Document Detail


Progression of chronic kidney disease: Adrenergic genetic influence on glomerular filtration rate decline in hypertensive nephrosclerosis.
MedLine Citation:
PMID:  20484896     Owner:  NLM     Status:  MEDLINE    
Abstract/OtherAbstract:
BACKGROUND: African-Americans are likely to develop hypertension and hypertensive nephrosclerosis. This grave prognosis, coupled with familial aggregation of end-stage renal disease (ESRD) in Blacks, prompts a search for genetic risk factors for ESRD. Recent evidence implicates a crucial role for the sympathetic nervous system in progressive renal disease.
METHODS: We used the African-American Study of Kidney Disease to probe whether beta2-adrenergic receptor (ADRB2) predicts glomerular filtration rate (GFR) decline rate. A total of 580 participants were included. Baseline GFR was 51.2 +/- 0.5 ml/min/1.73 m2. Subjects were randomized in a 2 x 3 block design: to intensively lowered (MAP < or = 92 mm Hg) versus 'usual' (MAP = 102-107 mm Hg) blood pressure goal groups, and also divided by three randomized antihypertensive drugs (ramipril, metoprolol, or amlodipine). We scored 4 SNPs at the ADRB2 locus.
RESULTS: Haplotypes at ADRB2 predicted chronic GFR decline rate, GFR declined more slowly in individuals with haplotype-1 (-804G-->173T-->16Gly-->27GIn), and faster in those who carried haplotype-3 (-804G-->173T-->16Arg-->27Gln). ADRB2 genotype interacted with antihypertensive drug class to influence GFR slope (p = 0.001-0.037). We extended our findings to an independent case/control sample of Black hypertensive ESRD, in which we found that variant Gly16Arg that tagged the GFR slope-determining ADRB2 haplotype also conferred risk for the ESRD trait in Blacks.
CONCLUSIONS: The GFR decline/progression rate in hypertensive renal disease is controlled in part by genetic variation within the adrenergic pathway.
Authors:
Yuqing Chen; Michael S Lipkowitz; Rany M Salem; Maple M Fung; Vibha Bhatnagar; Manjula Mahata; Caroline M Nievergelt; Fangwen Rao; Sushil K Mahata; Nicholas J Schork; Pamela J Hicks; Donald W Bowden; Barry I Freedman; Victoria H Brophy; Daniel T O'Connor;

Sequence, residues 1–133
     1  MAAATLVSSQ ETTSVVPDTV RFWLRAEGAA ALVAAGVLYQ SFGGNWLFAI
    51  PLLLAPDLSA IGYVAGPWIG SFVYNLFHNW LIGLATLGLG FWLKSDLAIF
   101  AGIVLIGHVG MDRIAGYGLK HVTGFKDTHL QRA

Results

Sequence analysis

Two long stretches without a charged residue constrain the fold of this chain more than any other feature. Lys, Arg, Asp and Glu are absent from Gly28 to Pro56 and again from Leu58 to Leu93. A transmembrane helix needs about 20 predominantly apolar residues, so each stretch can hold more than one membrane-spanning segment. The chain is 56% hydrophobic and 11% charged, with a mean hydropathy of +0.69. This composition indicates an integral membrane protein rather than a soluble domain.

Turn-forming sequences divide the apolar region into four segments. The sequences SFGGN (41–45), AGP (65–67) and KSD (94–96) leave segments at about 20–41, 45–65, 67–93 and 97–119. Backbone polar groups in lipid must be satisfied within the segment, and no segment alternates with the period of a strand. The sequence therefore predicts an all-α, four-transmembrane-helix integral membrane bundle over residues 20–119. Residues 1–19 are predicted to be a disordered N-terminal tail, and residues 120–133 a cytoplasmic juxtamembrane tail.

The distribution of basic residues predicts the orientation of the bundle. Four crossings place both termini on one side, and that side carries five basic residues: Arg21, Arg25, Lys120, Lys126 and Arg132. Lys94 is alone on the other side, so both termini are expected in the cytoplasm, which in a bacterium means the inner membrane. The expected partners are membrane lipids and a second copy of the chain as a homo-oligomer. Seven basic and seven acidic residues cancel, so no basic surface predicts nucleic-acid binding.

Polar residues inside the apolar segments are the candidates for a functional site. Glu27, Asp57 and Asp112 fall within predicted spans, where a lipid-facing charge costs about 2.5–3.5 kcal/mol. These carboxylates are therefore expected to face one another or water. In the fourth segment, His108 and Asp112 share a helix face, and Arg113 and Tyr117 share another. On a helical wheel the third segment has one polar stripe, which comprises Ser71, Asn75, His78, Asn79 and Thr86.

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Publication Detail:
Type:  Journal Article; Research Support, N.I.H., Extramural; Research Support, Non-U.S. Gov't; Research Support, U.S. Gov't, Non-P.H.S.     Date:  2010-05-19
Journal Detail:
Title:  American journal of nephrology     Volume:  32     ISSN:  1421-9670     ISO Abbreviation:  Am. J. Nephrol.     Publication Date:  2010  
Date Detail:
Created Date:  2010-07-19     Completed Date:  2010-10-25     Revised Date:  2012-10-09    
Medline Journal Info:
Nlm Unique ID:  8109361     Medline TA:  Am J Nephrol     Country:  Switzerland    
Other Details:
Languages:  eng     Pagination:  23-30     Citation Subset:  IM    
Copyright Information:
Copyright 2010 S. Karger AG, Basel.
Affiliation:
Renal Division, Peking University First Hospital, Beijing, China.
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MeSH Terms
Descriptor/Qualifier:
Adult
African Americans / genetics*
Aged
Antihypertensive Agents / therapeutic use*
Disease Progression
Drug Resistance / genetics
Female
Glomerular Filtration Rate / drug effects,  genetics
Humans
Hypertension, Renal* / drug therapy,  ethnology,  genetics
Male
Middle Aged
Multicenter Studies as Topic
Nephrosclerosis* / drug therapy,  ethnology,  genetics
Randomized Controlled Trials as Topic
Receptors, Adrenergic, beta-2 / genetics*
Renal Insufficiency, Chronic* / drug therapy,  ethnology,  genetics
Young Adult
Grant Support
ID/Acronym/Agency:
M01 RR000827/RR/NCRR NIH HHS; M01 RR000827-346233/RR/NCRR NIH HHS; MD000220/MD/NIMHD NIH HHS; P01 HL058120/HL/NHLBI NIH HHS; P01 HL058120-10/HL/NHLBI NIH HHS; P60 MD000220-10/MD/NIMHD NIH HHS; RR00827/RR/NCRR NIH HHS
Chemical
Reg. No./Substance:
0/Antihypertensive Agents; 0/Receptors, Adrenergic, beta-2
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